U.S. natural gas futures slipped more than 1% in choppy trading on Wednesday on forecasts for slightly less cold weather than previously expected and strong production levels.
Front-month gas futures for January delivery were down 10.6 cents, or 1.5%, to $7.129 per million British thermal units (mmBtu) as of 10:28 a.m. EST (1529 GMT).
“The forecasts appear to be kind of waffling a little bit back and forth on some cold weather expected around the corner, but we just don’t know when it’s going to show up,” said Thomas Saal, senior vice president for energy at StoneX Financial Inc.
Data provider Refinitiv forecasted 406 heating degree days (HDDs) over the next two weeks in the Lower 48 U.S. states, which was slightly lower than Refinitiv’s outlook on Tuesday.
“For now, the near-term temperature outlook isn’t intensely cold enough to spark any concerns about a widening of the storage deficit,” analysts at energy consulting firm Gelber & Associates said in a note.
Gas was trading at $39 per mmBtu at the Dutch Title Transfer Facility (TTF) in Europe and $30 at the Japan Korea Marker (JKM) in Asia.
Data provider Refinitiv said average gas output in the U.S. Lower 48 states has risen to 99.6 bcfd in November, up from 99.4 bcfd in October.
“Production remains on the upswing with a record pace still on the table in providing an upside price limiter,” energy consulting firm Ritterbusch and Associates said in a note.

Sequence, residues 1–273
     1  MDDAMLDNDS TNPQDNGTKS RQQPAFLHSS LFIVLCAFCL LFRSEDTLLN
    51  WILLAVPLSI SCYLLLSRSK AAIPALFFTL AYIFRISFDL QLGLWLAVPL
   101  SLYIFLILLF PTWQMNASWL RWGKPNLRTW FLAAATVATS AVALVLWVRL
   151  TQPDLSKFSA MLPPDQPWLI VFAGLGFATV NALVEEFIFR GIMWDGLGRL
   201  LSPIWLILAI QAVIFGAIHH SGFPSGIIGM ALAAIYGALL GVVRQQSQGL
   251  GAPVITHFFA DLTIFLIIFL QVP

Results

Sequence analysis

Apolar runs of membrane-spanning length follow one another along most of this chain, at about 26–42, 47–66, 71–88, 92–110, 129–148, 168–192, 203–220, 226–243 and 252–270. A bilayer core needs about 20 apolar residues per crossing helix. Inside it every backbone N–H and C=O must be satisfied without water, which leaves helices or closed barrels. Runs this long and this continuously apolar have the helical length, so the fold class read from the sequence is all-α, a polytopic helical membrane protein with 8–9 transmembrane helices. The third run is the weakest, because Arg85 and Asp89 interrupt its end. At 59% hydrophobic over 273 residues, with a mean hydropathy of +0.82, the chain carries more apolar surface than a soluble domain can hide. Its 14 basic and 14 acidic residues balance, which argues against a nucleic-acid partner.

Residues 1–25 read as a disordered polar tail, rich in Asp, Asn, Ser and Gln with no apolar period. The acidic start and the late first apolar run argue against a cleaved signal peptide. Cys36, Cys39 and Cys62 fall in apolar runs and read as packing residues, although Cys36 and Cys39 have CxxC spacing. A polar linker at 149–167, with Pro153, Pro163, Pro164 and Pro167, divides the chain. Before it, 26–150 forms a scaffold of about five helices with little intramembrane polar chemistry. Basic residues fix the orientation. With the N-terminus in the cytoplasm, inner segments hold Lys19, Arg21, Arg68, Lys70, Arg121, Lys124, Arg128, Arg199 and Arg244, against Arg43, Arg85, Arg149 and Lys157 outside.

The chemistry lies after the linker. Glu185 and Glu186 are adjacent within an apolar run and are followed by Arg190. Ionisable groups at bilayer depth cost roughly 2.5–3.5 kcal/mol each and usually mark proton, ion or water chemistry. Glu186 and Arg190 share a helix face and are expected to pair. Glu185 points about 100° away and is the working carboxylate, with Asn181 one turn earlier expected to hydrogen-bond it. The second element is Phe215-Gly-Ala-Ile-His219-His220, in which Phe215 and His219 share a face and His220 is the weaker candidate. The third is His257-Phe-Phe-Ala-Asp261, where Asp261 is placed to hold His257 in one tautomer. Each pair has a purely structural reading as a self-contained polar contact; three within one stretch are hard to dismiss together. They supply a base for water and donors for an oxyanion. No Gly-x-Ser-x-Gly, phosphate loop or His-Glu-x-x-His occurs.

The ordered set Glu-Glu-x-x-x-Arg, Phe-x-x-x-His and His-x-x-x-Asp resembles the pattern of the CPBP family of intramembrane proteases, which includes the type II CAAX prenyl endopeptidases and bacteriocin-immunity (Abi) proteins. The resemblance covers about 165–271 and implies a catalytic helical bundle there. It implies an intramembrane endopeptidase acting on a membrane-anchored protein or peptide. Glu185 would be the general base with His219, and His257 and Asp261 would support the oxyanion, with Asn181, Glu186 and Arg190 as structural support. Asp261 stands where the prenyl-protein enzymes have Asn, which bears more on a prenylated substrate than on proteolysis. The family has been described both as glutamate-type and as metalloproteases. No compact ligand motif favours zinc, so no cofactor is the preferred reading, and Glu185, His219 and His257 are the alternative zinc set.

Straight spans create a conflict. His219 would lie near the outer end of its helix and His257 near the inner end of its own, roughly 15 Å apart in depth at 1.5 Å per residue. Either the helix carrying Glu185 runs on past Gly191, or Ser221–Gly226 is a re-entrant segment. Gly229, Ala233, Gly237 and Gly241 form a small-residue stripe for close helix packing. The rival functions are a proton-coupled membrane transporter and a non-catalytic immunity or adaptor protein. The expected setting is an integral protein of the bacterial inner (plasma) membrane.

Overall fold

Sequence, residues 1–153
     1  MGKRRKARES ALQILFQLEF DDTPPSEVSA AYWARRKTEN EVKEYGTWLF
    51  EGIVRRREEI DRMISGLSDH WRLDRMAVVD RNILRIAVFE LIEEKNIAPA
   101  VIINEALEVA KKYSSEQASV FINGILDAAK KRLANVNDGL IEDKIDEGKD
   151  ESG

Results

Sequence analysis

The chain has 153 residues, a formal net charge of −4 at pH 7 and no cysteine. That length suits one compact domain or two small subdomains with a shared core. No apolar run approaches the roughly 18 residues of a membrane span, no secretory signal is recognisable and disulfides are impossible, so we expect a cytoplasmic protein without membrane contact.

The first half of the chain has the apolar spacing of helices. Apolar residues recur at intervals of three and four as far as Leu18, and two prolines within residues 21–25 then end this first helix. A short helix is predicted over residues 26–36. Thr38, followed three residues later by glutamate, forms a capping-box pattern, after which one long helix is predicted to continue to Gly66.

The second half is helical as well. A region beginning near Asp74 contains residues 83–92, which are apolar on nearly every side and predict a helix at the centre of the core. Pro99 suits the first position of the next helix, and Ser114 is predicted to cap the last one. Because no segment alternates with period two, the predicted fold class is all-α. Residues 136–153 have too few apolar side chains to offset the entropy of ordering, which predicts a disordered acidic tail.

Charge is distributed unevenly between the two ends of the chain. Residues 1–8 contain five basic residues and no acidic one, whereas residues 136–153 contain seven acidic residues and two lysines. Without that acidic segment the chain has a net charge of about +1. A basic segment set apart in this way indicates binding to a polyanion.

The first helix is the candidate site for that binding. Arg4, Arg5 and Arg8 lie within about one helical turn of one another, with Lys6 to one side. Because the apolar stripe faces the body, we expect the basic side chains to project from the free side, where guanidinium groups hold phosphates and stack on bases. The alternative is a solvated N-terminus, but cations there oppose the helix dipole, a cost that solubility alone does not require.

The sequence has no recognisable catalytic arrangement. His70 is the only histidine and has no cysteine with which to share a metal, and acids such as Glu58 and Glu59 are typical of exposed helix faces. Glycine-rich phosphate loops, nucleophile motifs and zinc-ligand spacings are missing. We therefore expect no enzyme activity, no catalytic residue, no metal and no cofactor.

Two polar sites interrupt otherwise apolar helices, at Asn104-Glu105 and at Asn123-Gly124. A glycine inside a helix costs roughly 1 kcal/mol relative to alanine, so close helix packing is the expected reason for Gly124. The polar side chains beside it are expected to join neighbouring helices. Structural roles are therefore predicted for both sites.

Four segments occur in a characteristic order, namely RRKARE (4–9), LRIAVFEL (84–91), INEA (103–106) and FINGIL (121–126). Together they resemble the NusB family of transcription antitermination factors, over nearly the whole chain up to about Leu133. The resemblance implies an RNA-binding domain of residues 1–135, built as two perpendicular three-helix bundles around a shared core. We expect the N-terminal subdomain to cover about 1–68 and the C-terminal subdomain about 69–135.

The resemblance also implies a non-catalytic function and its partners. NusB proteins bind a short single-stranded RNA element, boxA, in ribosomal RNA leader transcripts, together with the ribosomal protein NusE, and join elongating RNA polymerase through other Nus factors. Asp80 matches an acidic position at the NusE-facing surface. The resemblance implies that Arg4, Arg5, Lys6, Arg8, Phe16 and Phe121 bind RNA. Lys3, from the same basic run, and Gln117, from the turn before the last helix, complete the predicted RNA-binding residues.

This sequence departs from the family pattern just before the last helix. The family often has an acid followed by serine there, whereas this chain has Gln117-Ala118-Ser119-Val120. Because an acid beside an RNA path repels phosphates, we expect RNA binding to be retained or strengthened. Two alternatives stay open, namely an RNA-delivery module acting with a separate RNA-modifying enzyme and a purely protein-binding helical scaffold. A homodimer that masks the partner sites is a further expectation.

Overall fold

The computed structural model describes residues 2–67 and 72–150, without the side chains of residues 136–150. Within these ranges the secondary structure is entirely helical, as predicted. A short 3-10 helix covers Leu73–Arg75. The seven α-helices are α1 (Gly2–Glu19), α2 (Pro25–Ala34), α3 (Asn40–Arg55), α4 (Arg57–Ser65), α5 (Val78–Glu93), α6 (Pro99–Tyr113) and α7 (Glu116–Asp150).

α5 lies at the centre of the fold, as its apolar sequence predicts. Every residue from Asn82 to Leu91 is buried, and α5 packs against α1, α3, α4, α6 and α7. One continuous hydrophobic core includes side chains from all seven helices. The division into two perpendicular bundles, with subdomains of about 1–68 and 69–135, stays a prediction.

However, U.S. gas futures are up about 91% so far this year as much higher global prices feed demand for U.S. exports due to supply disruptions and sanctions linked to Russia’s invasion of Ukraine.
Meanwhile, Freeport LNG has said it plans to start producing LNG again in mid-December and reach full capacity of about 2.1 billion cubic feet per day (bcfd) in March.
Freeport LNG, however, has not yet submitted a request to restart the plant to the U.S. Department of Transportation’s Pipeline and Hazardous Materials Safety Administration (PHMSA), sources familiar with the company’s filings have told Reuters.
The plant was shut on June 8 due to an explosion caused by inadequate operating and testing procedures, human error and fatigue, according to a report by consultants hired by the company to review the incident and propose corrective actions.